PAYING IT FORWARD

by Marilyn Roca Enriquez in


 Octavio Gonzalez with his mentor Martin Sheen. Photo Courtesy of Octavio Gonzalez

Octavio Gonzalez with his mentor Martin Sheen. Photo Courtesy of Octavio Gonzalez

In 1958, Hispanic American Ramón Estévez considered what to do after high school. In 2002, Mexican-American Octavio González was faced with the same question. Separated by decades but united by a common heritage, these two men had different points of view in their outlook toward higher education.

Ramón never went to college. Instead, he went to New York to seek fame and fortune. The world would come to know him as the award-winning stage, television and movie star Martin Sheen.

In 1999, "The West Wing" premiered with Sheen as its star. Not long after that, González had a chance encounter with Sheen on the campus of Georgetown University. "That is a pretty funny story,” Gonzalez told Out-looK-12’s Cooper in 2007. “At the end of my freshman year at Georgetown, 'West Wing' came on campus to film a graduation scene. It was in front of our main building. And, in the show, Pres-ident Bartlett's daughter graduates from Georgetown University. There were some fliers posted for students to play extras in the graduation scene, so I signed up. I had to put on a robe and pretend to graduate.

Martin was great. He was standing out there surrounded by students whenever he had a break from filming and didn't mind at all. I went up to him with a friend to see if I could get a picture of him because I am a huge fan of  'The West Wing', but I'm probably a bigger fan of the causes that Martin adopts.

I was able to get a picture of him, and in the 10 seconds, I had with him,  mentioned to him that I was from Los Angeles, and I knew a Jesuit priest who is one of Martin's good friends. He was the pastor of the parish near where I live. And that's all I got a chance to say to him.” 

The story would have ended there except that González decided to send the pictures he took to Sheen.  "I took a shot and sent them over to Warner Bros. to see if I could get them autographed by Martin. I wrote a letter and said, 'I am sure you don't remember me. I'm a freshman at Georgetown, Octavio González. I was an extra, and I also just want to tell you what a big fan I am.' Martin Sheen is really one of my heroes. So I basically told him all that and sent it along-just a fan looking for an autograph."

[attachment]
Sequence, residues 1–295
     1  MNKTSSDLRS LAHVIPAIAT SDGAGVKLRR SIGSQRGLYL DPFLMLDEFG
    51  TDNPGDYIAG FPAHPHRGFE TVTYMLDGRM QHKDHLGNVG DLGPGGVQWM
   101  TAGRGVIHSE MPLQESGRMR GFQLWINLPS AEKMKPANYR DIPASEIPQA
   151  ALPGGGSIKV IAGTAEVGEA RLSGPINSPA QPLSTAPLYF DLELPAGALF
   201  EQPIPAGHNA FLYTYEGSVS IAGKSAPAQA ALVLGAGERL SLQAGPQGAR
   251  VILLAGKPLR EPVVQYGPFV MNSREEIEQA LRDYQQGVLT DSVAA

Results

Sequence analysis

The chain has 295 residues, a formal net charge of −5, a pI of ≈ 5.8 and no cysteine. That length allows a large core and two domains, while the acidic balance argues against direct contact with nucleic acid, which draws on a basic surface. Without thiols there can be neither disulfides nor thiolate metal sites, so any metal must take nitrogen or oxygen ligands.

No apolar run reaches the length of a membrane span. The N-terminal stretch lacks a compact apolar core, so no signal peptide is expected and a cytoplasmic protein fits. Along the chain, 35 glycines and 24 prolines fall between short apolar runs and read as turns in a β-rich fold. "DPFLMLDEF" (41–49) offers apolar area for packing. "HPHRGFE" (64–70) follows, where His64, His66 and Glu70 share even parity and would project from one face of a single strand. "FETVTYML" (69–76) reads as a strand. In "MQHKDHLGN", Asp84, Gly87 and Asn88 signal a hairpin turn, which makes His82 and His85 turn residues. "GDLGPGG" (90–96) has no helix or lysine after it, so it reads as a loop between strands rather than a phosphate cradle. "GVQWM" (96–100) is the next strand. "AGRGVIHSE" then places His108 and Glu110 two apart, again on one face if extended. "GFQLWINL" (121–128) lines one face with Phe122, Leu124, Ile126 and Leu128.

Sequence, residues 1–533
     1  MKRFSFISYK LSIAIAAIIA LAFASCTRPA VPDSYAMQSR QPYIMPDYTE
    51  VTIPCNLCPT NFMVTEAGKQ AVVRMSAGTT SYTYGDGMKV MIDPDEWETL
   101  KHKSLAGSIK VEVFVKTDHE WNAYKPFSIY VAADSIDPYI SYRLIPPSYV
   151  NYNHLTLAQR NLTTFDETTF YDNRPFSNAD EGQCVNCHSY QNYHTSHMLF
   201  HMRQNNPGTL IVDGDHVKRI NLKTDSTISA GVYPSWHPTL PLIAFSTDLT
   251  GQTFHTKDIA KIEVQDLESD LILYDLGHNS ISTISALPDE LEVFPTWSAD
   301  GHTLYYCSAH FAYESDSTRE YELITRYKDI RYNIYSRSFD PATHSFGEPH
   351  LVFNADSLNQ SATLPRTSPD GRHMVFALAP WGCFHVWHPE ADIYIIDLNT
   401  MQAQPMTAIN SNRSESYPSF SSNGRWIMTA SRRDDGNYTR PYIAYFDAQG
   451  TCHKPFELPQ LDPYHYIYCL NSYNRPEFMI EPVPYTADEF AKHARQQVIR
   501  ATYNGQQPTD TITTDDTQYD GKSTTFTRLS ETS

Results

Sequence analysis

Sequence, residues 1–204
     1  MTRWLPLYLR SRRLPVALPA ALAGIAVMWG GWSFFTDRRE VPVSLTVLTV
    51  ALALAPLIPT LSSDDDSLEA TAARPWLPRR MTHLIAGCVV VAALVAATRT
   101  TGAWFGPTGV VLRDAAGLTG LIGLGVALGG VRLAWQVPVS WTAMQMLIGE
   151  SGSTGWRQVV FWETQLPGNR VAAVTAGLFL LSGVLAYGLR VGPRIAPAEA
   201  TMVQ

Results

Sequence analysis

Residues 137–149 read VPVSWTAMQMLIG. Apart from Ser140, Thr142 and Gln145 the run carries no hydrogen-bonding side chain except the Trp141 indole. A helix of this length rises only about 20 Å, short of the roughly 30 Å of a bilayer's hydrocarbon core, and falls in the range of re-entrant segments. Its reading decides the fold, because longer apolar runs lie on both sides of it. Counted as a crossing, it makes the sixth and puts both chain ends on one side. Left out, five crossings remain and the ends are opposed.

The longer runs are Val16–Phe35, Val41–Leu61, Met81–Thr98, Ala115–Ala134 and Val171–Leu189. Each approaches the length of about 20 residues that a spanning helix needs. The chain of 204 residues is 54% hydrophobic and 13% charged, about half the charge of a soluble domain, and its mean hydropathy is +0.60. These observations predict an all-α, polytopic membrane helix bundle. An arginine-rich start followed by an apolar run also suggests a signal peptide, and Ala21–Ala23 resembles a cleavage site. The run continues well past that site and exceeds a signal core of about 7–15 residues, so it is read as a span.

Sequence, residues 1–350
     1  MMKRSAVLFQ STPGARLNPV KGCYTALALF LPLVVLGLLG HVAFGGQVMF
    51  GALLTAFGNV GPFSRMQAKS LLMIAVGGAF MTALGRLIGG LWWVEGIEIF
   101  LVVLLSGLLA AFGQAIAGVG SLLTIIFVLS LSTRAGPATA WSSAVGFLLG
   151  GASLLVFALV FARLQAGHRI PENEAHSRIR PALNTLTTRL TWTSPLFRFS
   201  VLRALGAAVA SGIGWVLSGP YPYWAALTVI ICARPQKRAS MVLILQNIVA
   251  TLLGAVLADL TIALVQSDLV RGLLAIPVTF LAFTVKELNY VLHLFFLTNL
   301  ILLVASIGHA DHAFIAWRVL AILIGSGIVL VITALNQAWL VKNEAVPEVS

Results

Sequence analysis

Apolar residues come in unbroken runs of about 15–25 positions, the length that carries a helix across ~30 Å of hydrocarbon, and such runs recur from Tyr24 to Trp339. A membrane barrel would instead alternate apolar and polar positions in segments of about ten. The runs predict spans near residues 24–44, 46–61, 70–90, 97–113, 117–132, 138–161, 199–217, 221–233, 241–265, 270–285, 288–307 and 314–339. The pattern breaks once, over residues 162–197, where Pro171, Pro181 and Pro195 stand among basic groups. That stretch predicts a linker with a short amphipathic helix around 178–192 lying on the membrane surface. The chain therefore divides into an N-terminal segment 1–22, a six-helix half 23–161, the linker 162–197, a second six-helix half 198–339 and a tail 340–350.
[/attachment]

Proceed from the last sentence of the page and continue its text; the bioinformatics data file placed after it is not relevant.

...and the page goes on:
Octavio Gonzalez with his mentor Martin Sheen. Photo Courtesy of Octavio Gonzalez

Octavio Gonzalez with his mentor Martin Sheen. Photo Courtesy of Octavio Gonzalez

Fate took a shine to González. Not only did his letter make it out of the Warner Bros.' slush pile in the mailroom-Sheen answered it. But González almost missed getting that response.

"I went to Central California to work at a camp for migrant children. And, while I was gone, Martin not only mailed back the picture with an autograph, he attached a nice note saying, 'Of course, I remember you. You mentioned Father Greg Boyle over in East LA. Before you go back to school, I'd like a chance to get together with you and him.' I didn't get this letter until about two or three weeks before I left for Georgetown, and I was afraid I missed the chance to meet up with him again. But, when I called him, we worked it out. We ended up going to Mass together, and we chatted and had a great time."

Sheen told Hispanic Outlook Magazine that he could see that González was an "extraordinary young man." He decided to keep in touch with González and help him any way he could to complete his education. González says, "The next times he was in D.C., he would give me a call. Whenever he was filming, there we would get together, and when I'd get back to LA., I'd call, and we'd get together. And that's how the relationship grew. He's such a personable person."

"He said to me that, if I ever needed him, I could count on him. He helped me throughout my Georgetown experience. I probably would not have been able to do it without his help. He, in his very quiet way, would say, 'If there is anything you need, come to me.' It turns out Georgetown is a very expensive school. In the last two years, in particular, a lot of ex-penses came up that he was able to help me out with. I could not have managed without him."

Martin is humble, and in his own quiet way, he has such a huge impact-on so many people. His causes, his involvement in social causes in my neighborhood in East L.A., they're not big publicity things. He doesn't do it because it plays well in the papers. And he doesn't do it to advance his career. He does it in such a quiet way that people don't realize he's working behind the scenes to make things happen and make life better for some people.

A lot of people owe him a debt of gratitude and probably don't even know it. And that's who Martin really is."